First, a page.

General Attitude towards Advertisements
Table 1: Spending
Table 2: Telecom Spending
Table 3: Frequency of Advertisements
Table 4: Information Conveyed
Table 5: Age Appropriation
Table 6: Targeting the Youth
Table 7: Targeting the Youth
Table 8: Price Increase
Table 9: Exaggeration
Table 10: Exaggeration
Reaction to Ethical Boundaries
Table 11: Overall Regression Model
Dependent Variable= Unethical advertising, R2 = 0.452, Adjusted R2 =.435, F (6, 193) = 26.560, p = 0.000 < 0.05. The results of the regression indicate that the predictors offensive content, frequency of advertisement shown, targeting the youth
and exaggeration are highly significant and the consumers perceive that due to these factors the advertisements used by the telecommunication industry are unethical.
Table 12: Descriptive Analysis
Table 8 shows that frequency of advertisement shown (M=6.24, SD=0.772) has the highest skewness (0.691) followed by targeting the youth (M=4.50, SD=0.5305), offensive content (M=3.176, SD=1.105) and exaggeration (M= 5.86, SD= 0.846). On the other hand the least level of skewness (-0.030) was for misleading price claims (M=5.18, SD=0.478). Exaggeration (M= 5.86, SD= 0.846) has the highest kurtosis (-1.115), followed by offensive content (M=3.176, SD=1.105), targeting the youth (M=4.50, SD=0.5305) and frequency of advertisement shown (M=6.24, SD=0.772) respectively. While misleading price claims (M=5.18, SD=0.478) has the lowest kurtosis (-0.459). Since the skewness and kurtosis ranged between ±2.5, therefore it can be safely assumed that the data fulfills the requirements of univariate normality (Kline, 2010).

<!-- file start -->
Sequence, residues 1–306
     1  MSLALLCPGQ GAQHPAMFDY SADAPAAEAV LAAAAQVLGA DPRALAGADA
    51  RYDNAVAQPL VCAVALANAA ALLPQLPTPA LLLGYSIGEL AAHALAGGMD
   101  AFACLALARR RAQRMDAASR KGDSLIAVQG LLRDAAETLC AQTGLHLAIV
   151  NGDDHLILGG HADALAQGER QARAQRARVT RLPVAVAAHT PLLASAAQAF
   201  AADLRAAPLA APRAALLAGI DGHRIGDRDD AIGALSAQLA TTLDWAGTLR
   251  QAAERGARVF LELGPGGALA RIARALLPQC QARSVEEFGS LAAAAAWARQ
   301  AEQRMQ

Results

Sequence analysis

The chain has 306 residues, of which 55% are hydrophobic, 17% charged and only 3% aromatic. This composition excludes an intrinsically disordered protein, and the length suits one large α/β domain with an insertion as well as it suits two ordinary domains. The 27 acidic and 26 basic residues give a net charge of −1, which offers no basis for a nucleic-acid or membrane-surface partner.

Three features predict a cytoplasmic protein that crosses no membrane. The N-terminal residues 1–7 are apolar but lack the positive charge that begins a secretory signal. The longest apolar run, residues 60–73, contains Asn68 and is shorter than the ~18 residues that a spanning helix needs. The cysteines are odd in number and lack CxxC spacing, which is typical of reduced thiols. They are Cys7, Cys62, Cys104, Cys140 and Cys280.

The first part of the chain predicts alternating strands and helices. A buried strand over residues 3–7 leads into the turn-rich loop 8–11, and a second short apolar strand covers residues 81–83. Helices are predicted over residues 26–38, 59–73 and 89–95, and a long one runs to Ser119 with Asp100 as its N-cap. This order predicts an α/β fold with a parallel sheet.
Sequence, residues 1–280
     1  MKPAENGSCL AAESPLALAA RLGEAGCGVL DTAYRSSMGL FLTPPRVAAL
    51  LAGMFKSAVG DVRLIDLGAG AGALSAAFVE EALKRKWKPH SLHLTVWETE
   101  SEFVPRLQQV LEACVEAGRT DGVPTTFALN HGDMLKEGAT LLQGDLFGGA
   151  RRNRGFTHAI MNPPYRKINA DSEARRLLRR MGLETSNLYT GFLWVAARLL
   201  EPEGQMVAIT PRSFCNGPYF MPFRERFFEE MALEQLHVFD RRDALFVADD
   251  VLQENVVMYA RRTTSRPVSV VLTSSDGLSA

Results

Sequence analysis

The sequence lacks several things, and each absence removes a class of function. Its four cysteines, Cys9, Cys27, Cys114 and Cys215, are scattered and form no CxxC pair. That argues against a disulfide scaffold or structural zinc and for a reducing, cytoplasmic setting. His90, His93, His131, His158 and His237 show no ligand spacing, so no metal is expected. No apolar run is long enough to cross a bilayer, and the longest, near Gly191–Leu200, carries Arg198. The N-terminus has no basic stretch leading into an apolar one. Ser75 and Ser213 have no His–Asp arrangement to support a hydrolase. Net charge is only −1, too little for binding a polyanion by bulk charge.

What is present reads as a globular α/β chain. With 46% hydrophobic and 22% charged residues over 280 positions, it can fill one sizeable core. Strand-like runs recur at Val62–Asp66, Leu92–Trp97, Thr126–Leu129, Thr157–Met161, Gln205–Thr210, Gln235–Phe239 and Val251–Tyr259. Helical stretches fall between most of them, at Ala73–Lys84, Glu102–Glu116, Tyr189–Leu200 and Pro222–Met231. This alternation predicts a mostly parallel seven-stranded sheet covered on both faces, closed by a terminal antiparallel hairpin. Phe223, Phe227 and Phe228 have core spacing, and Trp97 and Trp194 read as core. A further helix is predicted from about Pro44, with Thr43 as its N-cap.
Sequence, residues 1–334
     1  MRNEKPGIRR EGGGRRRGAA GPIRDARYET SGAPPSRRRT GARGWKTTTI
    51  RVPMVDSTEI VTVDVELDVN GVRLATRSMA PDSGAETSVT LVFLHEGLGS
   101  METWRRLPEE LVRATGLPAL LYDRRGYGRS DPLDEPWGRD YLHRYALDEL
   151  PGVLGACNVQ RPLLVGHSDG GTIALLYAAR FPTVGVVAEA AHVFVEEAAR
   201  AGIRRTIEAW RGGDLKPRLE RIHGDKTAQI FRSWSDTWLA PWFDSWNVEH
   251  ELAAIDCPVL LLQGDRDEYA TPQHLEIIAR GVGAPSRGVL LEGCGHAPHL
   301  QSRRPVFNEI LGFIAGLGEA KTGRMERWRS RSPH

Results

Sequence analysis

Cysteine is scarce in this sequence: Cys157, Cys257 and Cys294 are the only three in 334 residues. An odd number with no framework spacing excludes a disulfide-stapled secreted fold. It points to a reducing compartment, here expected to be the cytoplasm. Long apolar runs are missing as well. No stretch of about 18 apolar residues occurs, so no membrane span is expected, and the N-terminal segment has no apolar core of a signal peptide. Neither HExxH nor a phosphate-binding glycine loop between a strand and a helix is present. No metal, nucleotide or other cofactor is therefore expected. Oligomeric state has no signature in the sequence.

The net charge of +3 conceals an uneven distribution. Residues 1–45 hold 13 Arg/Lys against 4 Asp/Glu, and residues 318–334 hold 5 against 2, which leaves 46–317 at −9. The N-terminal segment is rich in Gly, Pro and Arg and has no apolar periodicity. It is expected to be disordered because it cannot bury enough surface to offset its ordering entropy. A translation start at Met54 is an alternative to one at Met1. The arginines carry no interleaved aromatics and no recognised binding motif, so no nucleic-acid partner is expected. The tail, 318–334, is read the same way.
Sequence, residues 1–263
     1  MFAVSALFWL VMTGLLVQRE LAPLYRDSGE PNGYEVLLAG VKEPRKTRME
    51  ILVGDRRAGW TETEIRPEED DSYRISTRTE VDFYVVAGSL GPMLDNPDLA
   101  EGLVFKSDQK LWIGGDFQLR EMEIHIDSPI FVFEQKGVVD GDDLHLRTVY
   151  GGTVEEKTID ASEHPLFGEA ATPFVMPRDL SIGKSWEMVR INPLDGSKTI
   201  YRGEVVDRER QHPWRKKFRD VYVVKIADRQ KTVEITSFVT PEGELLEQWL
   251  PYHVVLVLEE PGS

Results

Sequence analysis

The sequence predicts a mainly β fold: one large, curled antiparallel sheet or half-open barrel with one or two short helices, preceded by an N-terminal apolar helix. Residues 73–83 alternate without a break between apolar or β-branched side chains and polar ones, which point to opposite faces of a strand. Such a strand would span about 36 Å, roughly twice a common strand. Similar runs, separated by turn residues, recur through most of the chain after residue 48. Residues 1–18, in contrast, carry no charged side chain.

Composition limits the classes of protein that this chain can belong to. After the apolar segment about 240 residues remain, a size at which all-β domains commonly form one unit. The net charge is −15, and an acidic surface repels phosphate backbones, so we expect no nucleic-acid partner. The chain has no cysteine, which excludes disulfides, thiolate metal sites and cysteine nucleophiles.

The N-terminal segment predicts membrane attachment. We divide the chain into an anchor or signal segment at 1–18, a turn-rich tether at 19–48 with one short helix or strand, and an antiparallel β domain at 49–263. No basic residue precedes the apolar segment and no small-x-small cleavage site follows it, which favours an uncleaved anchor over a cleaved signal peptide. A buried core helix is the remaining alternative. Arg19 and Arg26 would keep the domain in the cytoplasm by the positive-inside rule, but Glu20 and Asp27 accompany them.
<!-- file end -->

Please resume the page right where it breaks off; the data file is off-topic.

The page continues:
Discussion and Conclusion
The hypothesis on the frequency of telecommunication Ads was substantiated (Refer to Table 3 & 11). This answers hypothesis 1.
The consumers found that the frequency of telecommunication advertisiments shown was too much. The consumers felt bombarded by the frequent telecommunication advertisements. Furthermore, consumers felt that it was unnecessary to show the same advertisments continuously as they become redundant and lose impact due to frequent continuous exposure (Fu et al., 2011).
The hypothesis on the spending of telecommunication on advertisements was substantiated (Refer to Table 1, 2 & Table 11). This answers hypothesis 2.
Consumers felt that the spending done by the telecommunication industry is too much, 80% of the respondents saw the amount of spending done by the telecommunication industry as a waste and unethical. On the other hand it is observed that the firms see large spendings on advertisements as a symbol of increased brand image and quality (Moorthy & Zhao, 2000).
The hypothesis on targeting the youth was substantiated (Refer to Table 6, 7 and 11). This answers hypothesis 3.